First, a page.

Oct 12, 2011

Hawaiians in the P.G.

One of the topics that is often discouraged is the topic of Native Hawaiian collaboration with the  Protectorate Government (note: it should actually be called Protectorate not Provisional Government because the Provisional Government collapsed 15 days after its formation and was saved by US Minister John Stevens through his proclamation of the Protectorate Government) or P.G. and Republican governments. Hawaiian civic leaders, certain departments at UH-Manoa, and some sovereignty activists in general would prefer to not to discuss the role played by Native Hawaiians within the two de facto governments because: Firstly, many of the Hawaiian leadership today are related to those who collaborated against the Queen; Secondly, it removes the image that all Native Hawaiians were victims of the P.G. and the Republic; and, lastly, it shatters their idealized image that all Native Hawaiians are the same and therefore all Native Hawaiians heroically fought against the Dole regime.

Many did heroically fight against Dole and annexation but there are several unpleasant realities to that fact. Native Hawaiian resistance to the Dole regime was particularly strong in the rural areas and by the economically marginalized classes but among the upper class and urban areas, it was lax and in some cases collaborationist particularly in Honolulu.  Resistance was also very strong among the Chinese merchants, Japanese plantation workers, as well as liberal American and European residents. The evidence for this can be seen in the lists of arrests that were made in the aftermath of the Uprising of 1895.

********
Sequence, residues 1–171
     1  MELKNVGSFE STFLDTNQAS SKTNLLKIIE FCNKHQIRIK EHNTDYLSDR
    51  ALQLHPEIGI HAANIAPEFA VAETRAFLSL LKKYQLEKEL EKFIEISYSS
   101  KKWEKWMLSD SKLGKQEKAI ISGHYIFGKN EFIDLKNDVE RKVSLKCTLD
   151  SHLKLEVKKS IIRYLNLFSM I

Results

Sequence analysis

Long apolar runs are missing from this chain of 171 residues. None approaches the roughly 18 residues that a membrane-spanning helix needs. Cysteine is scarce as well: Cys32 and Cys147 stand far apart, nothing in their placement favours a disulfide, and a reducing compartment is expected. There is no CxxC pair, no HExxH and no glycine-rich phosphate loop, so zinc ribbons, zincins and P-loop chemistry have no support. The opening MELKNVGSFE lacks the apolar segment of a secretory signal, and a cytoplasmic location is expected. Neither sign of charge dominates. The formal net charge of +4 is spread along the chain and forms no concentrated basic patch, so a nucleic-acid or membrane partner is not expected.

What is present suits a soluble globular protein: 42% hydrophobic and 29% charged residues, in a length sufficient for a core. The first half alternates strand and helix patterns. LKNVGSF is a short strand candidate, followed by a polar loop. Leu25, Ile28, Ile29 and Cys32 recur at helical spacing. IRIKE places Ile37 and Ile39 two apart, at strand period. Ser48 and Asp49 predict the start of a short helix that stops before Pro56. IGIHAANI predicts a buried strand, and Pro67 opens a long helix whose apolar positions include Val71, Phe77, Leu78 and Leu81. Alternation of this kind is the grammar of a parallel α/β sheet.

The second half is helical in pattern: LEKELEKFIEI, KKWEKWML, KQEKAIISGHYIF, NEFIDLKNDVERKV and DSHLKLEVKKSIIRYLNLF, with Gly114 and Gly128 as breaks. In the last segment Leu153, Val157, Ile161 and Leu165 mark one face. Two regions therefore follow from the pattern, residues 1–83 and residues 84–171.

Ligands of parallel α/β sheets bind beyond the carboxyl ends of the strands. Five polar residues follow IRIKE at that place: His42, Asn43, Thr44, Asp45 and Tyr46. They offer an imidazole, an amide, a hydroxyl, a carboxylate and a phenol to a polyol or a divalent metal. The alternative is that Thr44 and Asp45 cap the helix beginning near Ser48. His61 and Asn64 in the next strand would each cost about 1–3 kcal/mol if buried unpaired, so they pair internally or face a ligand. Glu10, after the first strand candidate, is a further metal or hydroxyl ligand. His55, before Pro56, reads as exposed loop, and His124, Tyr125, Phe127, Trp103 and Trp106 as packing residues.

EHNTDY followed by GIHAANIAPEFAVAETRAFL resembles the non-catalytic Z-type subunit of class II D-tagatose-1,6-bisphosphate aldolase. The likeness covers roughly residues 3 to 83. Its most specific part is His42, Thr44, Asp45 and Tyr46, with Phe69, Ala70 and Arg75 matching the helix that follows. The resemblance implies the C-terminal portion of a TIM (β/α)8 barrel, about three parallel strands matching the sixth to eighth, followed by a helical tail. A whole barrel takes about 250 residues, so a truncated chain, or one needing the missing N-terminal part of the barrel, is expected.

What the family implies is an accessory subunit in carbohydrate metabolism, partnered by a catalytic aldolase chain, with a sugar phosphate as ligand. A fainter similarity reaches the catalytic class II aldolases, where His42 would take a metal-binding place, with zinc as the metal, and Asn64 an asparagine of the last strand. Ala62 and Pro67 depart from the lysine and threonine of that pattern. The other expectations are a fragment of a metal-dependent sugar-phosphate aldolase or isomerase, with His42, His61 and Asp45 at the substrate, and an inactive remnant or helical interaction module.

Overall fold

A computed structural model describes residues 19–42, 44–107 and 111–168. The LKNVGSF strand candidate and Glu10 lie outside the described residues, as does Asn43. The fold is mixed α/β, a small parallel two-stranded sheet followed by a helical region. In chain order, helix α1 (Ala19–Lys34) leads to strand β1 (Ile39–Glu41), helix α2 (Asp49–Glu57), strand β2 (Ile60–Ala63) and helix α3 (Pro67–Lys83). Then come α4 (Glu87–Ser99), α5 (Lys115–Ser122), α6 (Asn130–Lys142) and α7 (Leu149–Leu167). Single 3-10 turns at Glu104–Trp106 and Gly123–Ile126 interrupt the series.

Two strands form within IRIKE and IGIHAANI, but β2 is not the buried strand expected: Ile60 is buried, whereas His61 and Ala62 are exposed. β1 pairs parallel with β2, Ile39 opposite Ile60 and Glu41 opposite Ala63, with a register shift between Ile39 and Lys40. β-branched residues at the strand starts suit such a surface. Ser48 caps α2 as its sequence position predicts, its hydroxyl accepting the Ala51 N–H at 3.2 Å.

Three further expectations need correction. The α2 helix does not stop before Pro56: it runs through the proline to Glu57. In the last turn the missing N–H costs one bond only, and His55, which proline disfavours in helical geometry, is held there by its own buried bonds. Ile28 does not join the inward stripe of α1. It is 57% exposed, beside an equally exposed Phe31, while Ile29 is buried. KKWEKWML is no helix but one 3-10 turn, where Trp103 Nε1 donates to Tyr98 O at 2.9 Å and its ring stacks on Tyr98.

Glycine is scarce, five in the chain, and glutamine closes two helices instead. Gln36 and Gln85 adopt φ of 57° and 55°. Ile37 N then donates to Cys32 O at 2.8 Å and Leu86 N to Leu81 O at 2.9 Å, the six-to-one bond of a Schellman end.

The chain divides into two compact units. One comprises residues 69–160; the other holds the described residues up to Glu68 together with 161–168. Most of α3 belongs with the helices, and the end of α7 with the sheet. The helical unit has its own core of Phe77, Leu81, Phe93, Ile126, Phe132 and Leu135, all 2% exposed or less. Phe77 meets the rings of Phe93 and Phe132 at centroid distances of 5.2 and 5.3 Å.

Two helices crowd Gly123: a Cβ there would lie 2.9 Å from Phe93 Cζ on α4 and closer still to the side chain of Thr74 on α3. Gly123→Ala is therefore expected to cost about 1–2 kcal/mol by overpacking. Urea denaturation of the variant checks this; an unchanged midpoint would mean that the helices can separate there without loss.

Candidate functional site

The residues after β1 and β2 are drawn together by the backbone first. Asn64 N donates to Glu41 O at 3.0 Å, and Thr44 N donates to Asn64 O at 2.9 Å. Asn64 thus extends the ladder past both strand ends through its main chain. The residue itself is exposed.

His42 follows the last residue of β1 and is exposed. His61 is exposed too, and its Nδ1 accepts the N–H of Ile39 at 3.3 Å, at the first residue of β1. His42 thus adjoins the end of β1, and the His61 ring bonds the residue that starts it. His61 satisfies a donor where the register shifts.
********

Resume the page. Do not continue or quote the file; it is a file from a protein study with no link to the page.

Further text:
On the flip side to this, the ones who were making the arrests throughout the P.G. and Republic eras were mostly Native Hawaiian policemen--all of whom were from the former Hawaiian Royal Constabulary--while the National Guard of the Republic were purposely composed of mostly illiterate Portuguese with a few Native Hawaiians officers who had previously served in the Royal Household Troop of the Queen. The 1895 Uprising actually failed because of Native Hawaiian spies under Captain Robert Waipa Parker. It was Parker's men who arrested Joseph Nawahi in December of 1894.  The Queen in her autobiography, Hawai'i's Story by Hawai'i's Queen, relates that Captain Parker was one of the ones who arrested her (p267). Another part-Hawaiian Charles B. Wilson, who was a member of one of the Queen's cabinets, was the one who asked the Queen to sign her abdication (p267) and was reporting back to Dole on the Queen's activities (including the secret newspaper clippings) (p291). Likewise, some of those who were arrested and tortured by the Republic of Hawai'i were not just Native Hawaiian leaders like Joseph Nawahi. But those arrested included several American journalists and Europeans who supported the Queen. According to many Chinese, the burning of Chinatown by Governor Stanford Dole years after the 1893 coup was his collective punishment on the Chinese because of their support of the Queen's government which shows you that Native Hawaiians were not the "only victims" but even many Chinese, British and Roman Catholics were also punished for their loyalty.  

A high ranking royalist who became a supporter of the P.G. and Republican government early on was Colonel Curtis 'Iaukea. 'Iaukea had been brought into the royal court under Kamehameha III and had served under King Kalākaua and Queen Lili'uokalani in diplomatic and administrative posts. Less than eight months after the January 17th coup, he was appointed as a Prison Inspector under Dole--the first of seven positions he would hold under the Dole regime. In his autobiography, By Royal Command, 'Iaukea makes it appear that he held only one position throughout the Dole regime and did so out of economic necessity (p197). This is actually untrue. As mentioned before he held no less than 7 appointments and received a salary for each position. One of his positions was as a sub-agent of Public Lands (read Crown Lands) and through his position, he acquired lands in Pearl Harbor (p198) and was responsible for selling Crown Lands.